Ph.D., Zhejiang University, 2015
    M.S., Zhejiang University, 2010
    B.S., Zhejiang University, 2007

  • Alexander Goginashvili, PhD

    Alexander Goginashvili, PhD

    Postdoctoral Fellow     Email:

    My research focuses on unraveling the pathways of cellular uptake of Antisense Oligonucleotides (ASOs), a promising therapy for several neurodegenerative diseases including Huntington’s Disease, Amyotrophic Lateral Sclerosis and Frontotemporal Dementia.  I am further interested in understanding mechanisms underlying defective nucleocytoplasmic compartmentalization and genome instability in aging and disease.

    Ph.D., (Dr. Sc.), ETH Zurich (Switzerland), 2014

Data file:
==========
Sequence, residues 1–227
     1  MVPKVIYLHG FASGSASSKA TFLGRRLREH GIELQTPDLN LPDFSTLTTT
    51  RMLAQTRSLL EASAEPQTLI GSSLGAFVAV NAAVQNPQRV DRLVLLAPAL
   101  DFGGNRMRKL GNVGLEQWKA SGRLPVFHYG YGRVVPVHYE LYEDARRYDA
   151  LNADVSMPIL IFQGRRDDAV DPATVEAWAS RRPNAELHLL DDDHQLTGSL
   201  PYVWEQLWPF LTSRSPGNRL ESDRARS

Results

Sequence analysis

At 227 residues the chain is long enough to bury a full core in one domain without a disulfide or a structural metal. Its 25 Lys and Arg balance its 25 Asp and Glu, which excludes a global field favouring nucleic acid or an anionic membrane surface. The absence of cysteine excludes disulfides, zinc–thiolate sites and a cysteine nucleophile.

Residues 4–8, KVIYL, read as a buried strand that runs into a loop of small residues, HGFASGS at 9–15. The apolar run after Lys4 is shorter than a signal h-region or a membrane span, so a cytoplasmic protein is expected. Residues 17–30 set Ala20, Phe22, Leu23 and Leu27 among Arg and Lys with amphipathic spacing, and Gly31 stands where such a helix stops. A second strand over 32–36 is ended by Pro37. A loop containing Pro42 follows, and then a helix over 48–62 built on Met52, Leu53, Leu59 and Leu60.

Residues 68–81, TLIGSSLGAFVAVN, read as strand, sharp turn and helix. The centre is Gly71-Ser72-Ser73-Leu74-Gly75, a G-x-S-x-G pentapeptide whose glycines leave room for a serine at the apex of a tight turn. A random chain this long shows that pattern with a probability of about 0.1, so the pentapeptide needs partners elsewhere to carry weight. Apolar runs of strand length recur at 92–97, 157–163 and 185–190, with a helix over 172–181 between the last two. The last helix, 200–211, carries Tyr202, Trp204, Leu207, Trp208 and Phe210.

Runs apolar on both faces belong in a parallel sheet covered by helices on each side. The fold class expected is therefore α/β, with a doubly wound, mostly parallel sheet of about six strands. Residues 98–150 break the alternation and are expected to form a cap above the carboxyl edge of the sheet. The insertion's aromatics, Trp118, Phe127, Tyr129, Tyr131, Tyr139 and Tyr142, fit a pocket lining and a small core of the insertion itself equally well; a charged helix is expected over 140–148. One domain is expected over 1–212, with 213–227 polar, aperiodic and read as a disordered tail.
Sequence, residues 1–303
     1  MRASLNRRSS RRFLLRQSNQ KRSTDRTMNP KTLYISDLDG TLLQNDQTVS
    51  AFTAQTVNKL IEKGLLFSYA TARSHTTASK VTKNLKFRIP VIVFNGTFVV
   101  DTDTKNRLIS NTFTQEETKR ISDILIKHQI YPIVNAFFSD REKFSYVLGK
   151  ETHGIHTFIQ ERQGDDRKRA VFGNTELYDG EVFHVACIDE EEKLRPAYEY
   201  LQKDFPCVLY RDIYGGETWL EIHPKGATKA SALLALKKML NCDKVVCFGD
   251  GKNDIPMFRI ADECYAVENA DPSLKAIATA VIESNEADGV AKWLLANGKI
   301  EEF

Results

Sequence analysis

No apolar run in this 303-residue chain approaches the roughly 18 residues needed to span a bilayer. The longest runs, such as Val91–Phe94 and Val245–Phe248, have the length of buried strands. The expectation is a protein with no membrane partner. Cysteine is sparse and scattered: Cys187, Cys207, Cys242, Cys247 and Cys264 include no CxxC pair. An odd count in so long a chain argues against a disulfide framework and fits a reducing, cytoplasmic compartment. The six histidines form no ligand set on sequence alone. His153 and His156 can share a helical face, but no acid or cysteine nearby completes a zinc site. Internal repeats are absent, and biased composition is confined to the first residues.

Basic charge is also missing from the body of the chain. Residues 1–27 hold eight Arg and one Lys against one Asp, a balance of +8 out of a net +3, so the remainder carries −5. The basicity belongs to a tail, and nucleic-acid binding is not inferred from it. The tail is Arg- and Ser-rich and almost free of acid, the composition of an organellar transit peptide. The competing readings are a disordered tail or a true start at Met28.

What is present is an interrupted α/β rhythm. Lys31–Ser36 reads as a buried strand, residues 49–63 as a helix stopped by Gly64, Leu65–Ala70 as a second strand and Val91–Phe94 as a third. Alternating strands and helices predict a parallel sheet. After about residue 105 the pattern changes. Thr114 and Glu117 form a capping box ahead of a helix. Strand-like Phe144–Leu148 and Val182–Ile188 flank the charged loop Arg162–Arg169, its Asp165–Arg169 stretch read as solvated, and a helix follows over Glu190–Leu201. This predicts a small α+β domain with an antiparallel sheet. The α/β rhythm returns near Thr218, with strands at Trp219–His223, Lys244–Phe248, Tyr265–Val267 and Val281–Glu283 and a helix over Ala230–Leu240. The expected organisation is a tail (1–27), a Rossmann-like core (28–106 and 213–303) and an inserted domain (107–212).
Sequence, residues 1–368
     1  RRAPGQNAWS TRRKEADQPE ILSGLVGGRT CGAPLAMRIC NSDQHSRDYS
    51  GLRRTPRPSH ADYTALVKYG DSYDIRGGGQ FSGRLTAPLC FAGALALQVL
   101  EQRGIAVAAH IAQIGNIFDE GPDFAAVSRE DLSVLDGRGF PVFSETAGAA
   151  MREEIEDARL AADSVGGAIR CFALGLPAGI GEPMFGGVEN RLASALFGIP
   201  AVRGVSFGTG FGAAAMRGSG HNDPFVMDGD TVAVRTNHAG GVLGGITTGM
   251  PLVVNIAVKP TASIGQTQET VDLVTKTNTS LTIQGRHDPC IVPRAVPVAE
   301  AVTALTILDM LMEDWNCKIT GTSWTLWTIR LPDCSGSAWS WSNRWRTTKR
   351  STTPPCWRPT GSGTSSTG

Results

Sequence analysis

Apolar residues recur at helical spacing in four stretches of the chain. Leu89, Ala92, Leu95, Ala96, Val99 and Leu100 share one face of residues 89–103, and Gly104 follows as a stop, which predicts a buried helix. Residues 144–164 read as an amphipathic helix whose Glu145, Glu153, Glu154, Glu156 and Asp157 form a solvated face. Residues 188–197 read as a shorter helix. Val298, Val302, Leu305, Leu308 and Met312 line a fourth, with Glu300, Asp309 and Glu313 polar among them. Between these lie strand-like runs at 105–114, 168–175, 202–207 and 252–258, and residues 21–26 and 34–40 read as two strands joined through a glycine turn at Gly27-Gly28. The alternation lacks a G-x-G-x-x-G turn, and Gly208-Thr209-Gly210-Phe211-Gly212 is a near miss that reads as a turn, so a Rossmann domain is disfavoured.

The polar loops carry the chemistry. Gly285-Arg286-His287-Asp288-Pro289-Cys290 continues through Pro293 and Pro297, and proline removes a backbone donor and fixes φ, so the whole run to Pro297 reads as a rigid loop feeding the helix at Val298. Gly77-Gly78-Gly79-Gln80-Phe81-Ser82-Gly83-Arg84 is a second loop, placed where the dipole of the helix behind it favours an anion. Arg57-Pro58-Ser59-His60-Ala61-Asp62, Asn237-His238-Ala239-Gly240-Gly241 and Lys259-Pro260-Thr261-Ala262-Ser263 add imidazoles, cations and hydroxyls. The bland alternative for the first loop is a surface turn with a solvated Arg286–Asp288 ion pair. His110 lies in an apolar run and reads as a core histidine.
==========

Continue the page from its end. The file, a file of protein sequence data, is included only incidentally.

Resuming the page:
M.S., St. Petersburg State University (Russia), 2008
    B.S., St. Petersburg State University (Russia), 2006

  • Jone López-Erauskin, PhD

    Jone López-Erauskin, PhD

    Postdoctoral Fellow     Email:

    My research is centered on the study of neuromuscular junctions and the pathological mechanisms that drive muscle denervation in ALS. My efforts are principally focused on the discovery of molecules that have the potential to induce muscle reinnervation.

    Ph.D., University of Barcelona, Spain, 2013
    M.S., University of Barcelona, Spain, 2009
    B.S., Autonomous University of Barcelona, Spain, 2006
    2019 Muscular Dystrophy Association (MDA) Development Grant
    2016 The Milton Safenowitz Post Doctoral Fellowship for ALS Research

  • Olatz Arnold-Garcia, MS

    Olatz Arnold-Garcia, MS

    Visiting Predoctoral Fellow     Email: